According to fresh sources, AMD’s Ryzen 7 5700G CPU has made its appearance online. The CPU in question was being tested in a synthetic benchmark. And as it has, the CPU created a new record for itself on the CPU-Z Validator site, and not to mention, the Zen 3 Cezanne APU also appeared on the UserBenchmark website being a part of an HP Pavilion Desktop system (TP01-2xxx).
The fact here is that UserBenchmark is always accused of being an intel bias platform and is always known to downplay the performance results of AMD APUs.
Though, let’s just ignore it and move onto the results. The CPU-Z score confirms what has been previously leaked about the chip: It is a single-thread/core beast that can churn out 631 points in this test leaving it +16.69% ahead of its predecessor.
UserBenchmark on the other hand has provided four different relevant scores for the 1-core and 2-core comparison, they are: for the 1-core test, the AMD Ryzen 7 5700G manages 154 points, 316 points in the 2-core test, and 184 points in the “Normal” workload, and an awarded average bench of 98.5%.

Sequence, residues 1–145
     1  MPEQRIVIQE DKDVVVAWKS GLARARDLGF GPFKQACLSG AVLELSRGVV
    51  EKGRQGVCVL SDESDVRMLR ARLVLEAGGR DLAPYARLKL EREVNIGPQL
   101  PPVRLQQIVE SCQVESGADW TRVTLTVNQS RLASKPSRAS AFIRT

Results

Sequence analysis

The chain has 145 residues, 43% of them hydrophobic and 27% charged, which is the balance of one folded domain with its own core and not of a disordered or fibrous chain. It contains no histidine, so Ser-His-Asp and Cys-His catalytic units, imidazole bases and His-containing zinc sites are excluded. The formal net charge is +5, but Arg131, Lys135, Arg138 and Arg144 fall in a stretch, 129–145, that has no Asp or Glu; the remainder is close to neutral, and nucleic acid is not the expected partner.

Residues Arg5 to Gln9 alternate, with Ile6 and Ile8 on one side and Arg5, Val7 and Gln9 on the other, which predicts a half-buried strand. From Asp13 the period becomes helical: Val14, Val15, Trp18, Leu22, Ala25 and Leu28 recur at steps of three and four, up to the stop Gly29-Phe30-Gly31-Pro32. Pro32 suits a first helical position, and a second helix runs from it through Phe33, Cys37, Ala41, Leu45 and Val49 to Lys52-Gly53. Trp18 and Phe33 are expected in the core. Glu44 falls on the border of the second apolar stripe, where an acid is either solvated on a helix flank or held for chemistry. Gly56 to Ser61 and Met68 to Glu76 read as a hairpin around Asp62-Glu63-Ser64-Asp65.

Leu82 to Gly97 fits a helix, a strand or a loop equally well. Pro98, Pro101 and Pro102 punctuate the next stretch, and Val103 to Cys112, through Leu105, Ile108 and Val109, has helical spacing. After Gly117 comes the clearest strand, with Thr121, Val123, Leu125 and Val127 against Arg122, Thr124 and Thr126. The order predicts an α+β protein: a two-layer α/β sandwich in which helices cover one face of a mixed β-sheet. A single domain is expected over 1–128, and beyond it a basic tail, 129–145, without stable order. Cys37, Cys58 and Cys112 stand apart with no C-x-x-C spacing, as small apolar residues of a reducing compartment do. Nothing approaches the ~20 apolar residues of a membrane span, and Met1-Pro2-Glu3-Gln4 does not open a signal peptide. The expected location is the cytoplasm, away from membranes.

If we consider the average bench score, then it puts the Zen 3 Cezanne desktop APU alongside the Ryzen 7 5800 in UserBenchmark’s CPU chart, and the results hold up well in comparison to the average marks of the AMD Ryzen 7 4700G.
However, when compared completely in theoretical order, the newer chip manages gains of +9.22% (1-core), +13.67% (2-core), +12.20% (“Normal”), and +11.68% (bench). The performance of the CPU is not much to be marveled at, but its leaps and bounds ahead of what the Ryzen 7 4700G can perform.
Coming to the graphics side, UserBenchmark does show a healthy gain of +45.67% for the Vega 8 5000 compared to the Vega 8 4000. The overall result for the Ryzen 7 5700G shows a desktop APU flexing its Zen 3 microarchitecture muscles.